The Project on Government Oversight (POGO), a respected government watchdog group, recently sent a letter to President Obama requesting that he ask Mary Jo White to step down as chair of the SEC, and designate a new head of the agency. As POGO put it, “White’s views have often aligned with those of her former Wall Street clients.” Sen. Elizabeth Warren penned White a scathing letter expressing deep disappointment and accusing the SEC chair of deliberately misleading her in a meeting.

The revolving door between Wall Street and government has once again produced a regulator who serves the interests of financial institutions, not everyday Americans.

The Securities and Exchange Commission under White’s leadership has settled the majority of its cases without requiring companies to admit guilt. Her track record better resembles the Mary Jo White who encouraged prosecutors to “moderate” their enforcement actions than the Mary Jo White who in her confirmation hearings promised to secure admissions of guilt.

The SEC has also become broken and dysfunctional, with White’s office known as “the cheese cellar: It’s where policy goes to age.” White’s history as a Wall Street defense attorney, and her husband’s current job as a corporate lawyer, has led to a frequent need to recuse herself from scores of cases. With only five voting commissioners, her multiple recusals result in gridlock and lighter punishments for corporate wrongdoing.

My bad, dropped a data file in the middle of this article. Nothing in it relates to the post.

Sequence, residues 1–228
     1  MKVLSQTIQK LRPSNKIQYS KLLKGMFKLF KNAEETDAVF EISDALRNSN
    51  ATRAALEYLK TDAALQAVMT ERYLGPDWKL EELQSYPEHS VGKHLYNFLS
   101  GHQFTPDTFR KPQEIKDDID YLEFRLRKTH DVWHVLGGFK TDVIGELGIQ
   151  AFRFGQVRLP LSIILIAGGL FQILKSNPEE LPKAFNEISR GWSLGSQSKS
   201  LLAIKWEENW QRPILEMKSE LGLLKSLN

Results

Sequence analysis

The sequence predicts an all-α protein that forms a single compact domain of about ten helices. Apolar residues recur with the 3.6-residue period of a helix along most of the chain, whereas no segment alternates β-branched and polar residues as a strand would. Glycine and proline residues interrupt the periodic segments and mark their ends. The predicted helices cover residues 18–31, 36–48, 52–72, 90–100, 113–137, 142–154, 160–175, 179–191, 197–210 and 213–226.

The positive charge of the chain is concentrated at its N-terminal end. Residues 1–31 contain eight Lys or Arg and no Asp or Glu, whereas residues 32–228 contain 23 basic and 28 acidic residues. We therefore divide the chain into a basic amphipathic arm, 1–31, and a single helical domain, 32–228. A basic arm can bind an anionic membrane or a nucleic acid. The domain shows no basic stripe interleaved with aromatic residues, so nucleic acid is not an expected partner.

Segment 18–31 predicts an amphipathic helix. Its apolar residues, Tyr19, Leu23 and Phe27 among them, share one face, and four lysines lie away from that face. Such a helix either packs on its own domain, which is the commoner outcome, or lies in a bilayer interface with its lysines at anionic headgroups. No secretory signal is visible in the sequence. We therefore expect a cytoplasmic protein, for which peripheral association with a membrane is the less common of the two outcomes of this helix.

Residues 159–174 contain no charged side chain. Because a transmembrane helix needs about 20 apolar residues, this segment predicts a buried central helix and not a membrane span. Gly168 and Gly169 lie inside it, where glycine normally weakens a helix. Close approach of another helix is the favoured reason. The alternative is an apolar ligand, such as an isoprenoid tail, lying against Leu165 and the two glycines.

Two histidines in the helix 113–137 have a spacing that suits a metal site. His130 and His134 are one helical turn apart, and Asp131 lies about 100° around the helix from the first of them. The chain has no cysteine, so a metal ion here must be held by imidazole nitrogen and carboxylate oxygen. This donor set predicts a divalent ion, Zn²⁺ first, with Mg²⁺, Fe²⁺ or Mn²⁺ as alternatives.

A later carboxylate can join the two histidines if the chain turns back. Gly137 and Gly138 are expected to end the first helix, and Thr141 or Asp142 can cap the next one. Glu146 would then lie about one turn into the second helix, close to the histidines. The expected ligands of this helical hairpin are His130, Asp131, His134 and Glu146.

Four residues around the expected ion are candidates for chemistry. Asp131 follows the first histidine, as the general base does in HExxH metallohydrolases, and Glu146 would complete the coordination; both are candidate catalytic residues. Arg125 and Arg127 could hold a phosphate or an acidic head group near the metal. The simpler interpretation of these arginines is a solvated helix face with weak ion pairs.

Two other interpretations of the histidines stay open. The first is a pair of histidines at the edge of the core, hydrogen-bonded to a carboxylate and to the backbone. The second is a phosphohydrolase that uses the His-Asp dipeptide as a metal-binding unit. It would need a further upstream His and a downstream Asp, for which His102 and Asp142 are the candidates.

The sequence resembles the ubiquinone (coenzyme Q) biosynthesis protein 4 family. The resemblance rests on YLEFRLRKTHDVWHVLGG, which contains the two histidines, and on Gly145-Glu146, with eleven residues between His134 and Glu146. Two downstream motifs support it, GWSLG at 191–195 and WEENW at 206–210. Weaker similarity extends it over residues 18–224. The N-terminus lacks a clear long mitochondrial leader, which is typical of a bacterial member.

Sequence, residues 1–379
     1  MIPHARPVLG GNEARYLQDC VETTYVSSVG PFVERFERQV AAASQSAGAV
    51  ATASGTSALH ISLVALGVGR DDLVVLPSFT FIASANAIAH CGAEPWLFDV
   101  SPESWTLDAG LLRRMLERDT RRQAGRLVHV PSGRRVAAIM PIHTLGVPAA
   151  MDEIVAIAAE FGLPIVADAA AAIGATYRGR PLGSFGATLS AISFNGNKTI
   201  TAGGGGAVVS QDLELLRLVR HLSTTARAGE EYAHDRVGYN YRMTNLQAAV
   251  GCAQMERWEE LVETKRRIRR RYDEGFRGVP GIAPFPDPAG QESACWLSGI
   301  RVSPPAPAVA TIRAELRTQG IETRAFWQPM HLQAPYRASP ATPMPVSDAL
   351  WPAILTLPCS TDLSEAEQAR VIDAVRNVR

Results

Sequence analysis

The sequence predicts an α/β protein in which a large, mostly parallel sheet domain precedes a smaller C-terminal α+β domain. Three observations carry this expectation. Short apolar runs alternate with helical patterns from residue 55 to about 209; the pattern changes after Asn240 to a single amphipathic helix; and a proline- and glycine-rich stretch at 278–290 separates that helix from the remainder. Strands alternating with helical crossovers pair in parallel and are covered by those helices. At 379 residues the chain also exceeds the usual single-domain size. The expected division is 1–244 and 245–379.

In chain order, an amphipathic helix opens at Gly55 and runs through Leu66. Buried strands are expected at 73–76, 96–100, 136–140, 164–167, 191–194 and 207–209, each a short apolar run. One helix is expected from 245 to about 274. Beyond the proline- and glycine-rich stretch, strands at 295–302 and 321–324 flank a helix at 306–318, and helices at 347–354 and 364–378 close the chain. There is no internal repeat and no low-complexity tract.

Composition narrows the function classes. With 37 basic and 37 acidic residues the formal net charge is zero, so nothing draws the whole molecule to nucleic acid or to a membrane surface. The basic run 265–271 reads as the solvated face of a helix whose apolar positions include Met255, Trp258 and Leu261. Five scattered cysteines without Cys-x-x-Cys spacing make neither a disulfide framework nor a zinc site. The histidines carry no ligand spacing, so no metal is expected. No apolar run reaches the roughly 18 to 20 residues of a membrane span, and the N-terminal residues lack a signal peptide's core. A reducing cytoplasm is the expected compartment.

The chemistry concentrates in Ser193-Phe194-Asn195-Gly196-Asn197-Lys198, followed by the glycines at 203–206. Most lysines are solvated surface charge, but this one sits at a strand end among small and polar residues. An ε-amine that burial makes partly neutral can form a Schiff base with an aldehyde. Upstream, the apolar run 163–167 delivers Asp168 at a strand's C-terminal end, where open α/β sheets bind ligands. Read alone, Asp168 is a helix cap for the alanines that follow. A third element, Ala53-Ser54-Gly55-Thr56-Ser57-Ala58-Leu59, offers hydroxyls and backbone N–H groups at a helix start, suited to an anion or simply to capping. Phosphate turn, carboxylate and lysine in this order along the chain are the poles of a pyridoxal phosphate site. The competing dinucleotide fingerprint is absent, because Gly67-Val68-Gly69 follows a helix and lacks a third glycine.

White’s whole-hearted embrace of the revolving door includes multiple former bank executives working as high-level SEC officials. She recently hired the former general counsel of Goldman Sachs, Andrew “Buddy” Donohue, for the influential role of her chief of staff.

Perhaps most gallingly, White’s SEC has routinely and automatically granted waivers to allow corporations that have admitted to criminal violations to keep their “trusted” status as issuers of securities and guardians of investments. She has frequently quarrelled with Commissioner Kara Stein, who objects to these “get out of jail free” waivers, and reportedly pushed President Obama to nominate a new SEC commissioner who might “dilute” Stein’s influence.